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Platelets: a potential useful clinical biomarker of cancer recurrence – if the timing is right

Institute of Clinical Trials and Methodology (ICTM)

Prof Ruth Langley , Dr Fay Cafferty Monday, May 17, 2021 Funded PhD Project (UK Students Only)

About the Project

What is the Project?

There has been a known association between thrombosis (blood clotting) and the development of cancer for over 150 years. Studies suggest a positive feedback loop where the presence of cancer increases platelet numbers (thrombocytosis) and in turn platelets increase further malignant growth through the production of growth factors and angiogenic stimuli.

There have been a limited number of clinical studies looking at the utility of platelet counts to predict cancer recurrence previously, but these have largely not considered other factors that affect platelet number and have taken one-off measurements, for example at diagnosis, and correlated this with long-term outcome. This project will focus on a more specific question (and potentially overlooked opportunity) – can platelet counts be used as a monitoring tool to identify patients at increased risk of tumour recurrence/tumour activity at a time when platelet counts should be relatively stable, and as a more short-term predictor of clinical developments.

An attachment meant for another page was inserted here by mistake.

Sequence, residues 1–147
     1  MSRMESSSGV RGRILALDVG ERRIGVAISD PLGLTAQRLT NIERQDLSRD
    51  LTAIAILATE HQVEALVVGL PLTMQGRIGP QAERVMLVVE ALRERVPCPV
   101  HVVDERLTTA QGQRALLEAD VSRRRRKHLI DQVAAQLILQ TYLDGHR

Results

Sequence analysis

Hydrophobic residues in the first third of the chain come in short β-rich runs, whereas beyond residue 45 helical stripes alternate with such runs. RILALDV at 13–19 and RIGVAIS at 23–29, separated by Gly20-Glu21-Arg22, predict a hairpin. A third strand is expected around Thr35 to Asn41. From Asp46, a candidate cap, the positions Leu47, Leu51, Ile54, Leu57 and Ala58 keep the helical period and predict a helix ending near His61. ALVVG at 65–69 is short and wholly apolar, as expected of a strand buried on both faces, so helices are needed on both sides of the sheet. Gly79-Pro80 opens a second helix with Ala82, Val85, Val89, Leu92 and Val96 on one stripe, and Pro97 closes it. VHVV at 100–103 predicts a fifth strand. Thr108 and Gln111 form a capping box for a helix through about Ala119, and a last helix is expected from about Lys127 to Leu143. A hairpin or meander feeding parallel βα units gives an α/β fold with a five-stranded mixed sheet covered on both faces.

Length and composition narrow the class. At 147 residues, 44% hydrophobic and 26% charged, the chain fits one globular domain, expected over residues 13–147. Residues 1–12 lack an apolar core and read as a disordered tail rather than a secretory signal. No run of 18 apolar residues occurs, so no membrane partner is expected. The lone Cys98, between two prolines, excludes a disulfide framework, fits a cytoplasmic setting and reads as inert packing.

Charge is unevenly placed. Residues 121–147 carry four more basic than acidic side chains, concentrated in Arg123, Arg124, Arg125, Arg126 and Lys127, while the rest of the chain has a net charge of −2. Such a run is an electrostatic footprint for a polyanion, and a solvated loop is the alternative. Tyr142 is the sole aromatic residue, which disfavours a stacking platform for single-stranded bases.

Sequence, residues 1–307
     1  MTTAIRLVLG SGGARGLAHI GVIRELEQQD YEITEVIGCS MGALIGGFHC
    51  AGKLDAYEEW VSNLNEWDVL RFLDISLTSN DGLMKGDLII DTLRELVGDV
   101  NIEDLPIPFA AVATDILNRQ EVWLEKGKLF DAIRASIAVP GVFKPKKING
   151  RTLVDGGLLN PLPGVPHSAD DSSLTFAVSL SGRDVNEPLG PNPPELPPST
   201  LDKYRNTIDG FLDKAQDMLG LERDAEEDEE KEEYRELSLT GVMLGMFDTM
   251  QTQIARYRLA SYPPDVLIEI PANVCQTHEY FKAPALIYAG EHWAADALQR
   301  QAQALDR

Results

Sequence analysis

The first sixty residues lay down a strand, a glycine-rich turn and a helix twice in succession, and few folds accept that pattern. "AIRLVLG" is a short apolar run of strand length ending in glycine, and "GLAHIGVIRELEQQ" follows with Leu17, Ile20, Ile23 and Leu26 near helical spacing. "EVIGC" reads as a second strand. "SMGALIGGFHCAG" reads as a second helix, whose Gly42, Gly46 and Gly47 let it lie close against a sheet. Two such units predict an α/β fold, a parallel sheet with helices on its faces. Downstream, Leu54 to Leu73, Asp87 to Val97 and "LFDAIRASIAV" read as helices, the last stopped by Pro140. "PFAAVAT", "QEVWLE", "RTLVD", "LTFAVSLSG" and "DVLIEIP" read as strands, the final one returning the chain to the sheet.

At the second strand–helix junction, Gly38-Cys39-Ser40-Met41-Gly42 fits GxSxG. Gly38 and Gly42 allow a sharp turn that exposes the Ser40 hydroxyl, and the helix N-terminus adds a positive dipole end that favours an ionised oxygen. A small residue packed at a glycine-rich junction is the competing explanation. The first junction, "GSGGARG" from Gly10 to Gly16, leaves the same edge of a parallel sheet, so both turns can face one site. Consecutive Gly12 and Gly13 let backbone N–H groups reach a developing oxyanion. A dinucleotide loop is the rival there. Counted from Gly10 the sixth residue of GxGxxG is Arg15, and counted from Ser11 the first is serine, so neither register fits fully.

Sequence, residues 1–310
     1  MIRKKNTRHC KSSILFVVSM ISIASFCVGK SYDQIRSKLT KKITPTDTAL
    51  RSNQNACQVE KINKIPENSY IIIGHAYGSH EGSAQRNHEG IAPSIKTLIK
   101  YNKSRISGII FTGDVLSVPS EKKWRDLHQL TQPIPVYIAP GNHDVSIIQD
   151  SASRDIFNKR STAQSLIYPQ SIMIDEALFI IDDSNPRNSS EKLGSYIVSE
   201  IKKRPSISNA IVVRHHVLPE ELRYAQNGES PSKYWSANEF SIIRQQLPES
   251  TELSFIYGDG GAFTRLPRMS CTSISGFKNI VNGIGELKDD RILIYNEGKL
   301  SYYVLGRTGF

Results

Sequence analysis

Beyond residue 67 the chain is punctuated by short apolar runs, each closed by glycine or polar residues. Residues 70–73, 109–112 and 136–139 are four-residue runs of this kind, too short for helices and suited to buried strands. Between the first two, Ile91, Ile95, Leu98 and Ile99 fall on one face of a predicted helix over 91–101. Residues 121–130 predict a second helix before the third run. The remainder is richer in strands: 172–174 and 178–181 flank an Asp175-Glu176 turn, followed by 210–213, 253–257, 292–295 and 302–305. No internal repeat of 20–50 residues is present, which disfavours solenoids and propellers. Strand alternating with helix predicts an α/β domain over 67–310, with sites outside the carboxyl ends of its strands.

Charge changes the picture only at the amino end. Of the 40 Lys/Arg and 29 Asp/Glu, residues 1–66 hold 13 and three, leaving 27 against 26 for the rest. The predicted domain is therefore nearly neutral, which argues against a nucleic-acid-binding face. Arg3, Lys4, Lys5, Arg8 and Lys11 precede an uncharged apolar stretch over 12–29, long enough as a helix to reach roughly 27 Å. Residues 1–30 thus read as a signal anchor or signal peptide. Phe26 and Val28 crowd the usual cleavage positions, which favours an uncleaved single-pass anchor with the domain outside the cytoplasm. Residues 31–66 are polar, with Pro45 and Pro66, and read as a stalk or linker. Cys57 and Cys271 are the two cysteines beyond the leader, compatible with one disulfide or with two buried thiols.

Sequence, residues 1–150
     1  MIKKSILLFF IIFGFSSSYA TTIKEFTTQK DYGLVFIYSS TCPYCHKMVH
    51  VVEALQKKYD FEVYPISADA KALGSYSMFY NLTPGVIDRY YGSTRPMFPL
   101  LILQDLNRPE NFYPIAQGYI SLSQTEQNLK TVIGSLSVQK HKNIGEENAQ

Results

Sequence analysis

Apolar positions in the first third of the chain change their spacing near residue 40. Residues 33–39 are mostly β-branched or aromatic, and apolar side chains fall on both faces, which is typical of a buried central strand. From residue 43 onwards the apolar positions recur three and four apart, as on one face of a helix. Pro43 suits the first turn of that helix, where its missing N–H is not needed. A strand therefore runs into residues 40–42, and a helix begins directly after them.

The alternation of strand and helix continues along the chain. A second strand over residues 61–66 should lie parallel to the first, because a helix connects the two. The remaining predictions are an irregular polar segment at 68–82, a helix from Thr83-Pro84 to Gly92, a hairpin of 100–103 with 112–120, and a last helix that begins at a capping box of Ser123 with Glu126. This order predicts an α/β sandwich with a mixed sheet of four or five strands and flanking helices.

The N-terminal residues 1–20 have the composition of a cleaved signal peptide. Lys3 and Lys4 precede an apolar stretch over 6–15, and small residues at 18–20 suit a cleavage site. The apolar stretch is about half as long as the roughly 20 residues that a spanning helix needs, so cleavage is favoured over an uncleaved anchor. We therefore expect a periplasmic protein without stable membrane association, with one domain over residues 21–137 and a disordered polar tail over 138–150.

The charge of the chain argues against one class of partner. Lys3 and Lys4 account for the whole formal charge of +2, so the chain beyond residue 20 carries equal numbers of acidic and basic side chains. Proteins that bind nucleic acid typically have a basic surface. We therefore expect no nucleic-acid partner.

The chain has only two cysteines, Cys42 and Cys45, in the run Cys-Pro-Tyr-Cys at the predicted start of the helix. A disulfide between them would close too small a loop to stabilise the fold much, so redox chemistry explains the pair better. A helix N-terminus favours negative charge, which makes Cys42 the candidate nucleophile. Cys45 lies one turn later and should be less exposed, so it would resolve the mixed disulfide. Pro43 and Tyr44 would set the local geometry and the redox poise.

This PhD aims to evaluate whether platelet counts could be used as part of a monitoring strategy to direct the use of further tests and imaging, and potentially identify patients at increased risk of tumour recurrence/tumour activity at an earlier stage.

Who are the ICTM and the MRC Clinical Trials Unit at UCL?

The MRC CTU at UCL is at the forefront of resolving internationally important questions in infectious diseases and cancer, and delivering swifter and more effective translation of scientific research into patient benefits. It does this by carrying out challenging and innovative studies, and developing and implementing methodological advances in study design, conduct and analysis. You will be joining a team of renowned experts in the field of clinical trials.


Ideally, the candidate would have a primary degree and post-graduate qualification in a science subject and interst or experience in clinical trials. Clinical and statistical support/advice would be provided from within the Unit.

How to apply & Additional information

Who are the supervisors? The supervisory team Professor Ruth Langley and Dr Fay Cafferty. You will also be supported by a Thesis Committee (TC), which will provide degree-spanning support and advice about academic and training progress for the successful candidate over the course of the Doctoral study.

When can I start? Successful candidates are expected to commence studies in October 2021

What funding is available? We have funding available for up to 3 full time studentships in line with the current UKRI PhD studentship level. Successful candidates will be eligible to receive the equivalent of (UK) student fees and stipend.

How do I apply? We would encourage you to speak to Dr Fay Cafferty (email: ) in the first instance for further information. Applications by CV and covering letter should be sent to 

Deadline for applications: 17 May 2021.

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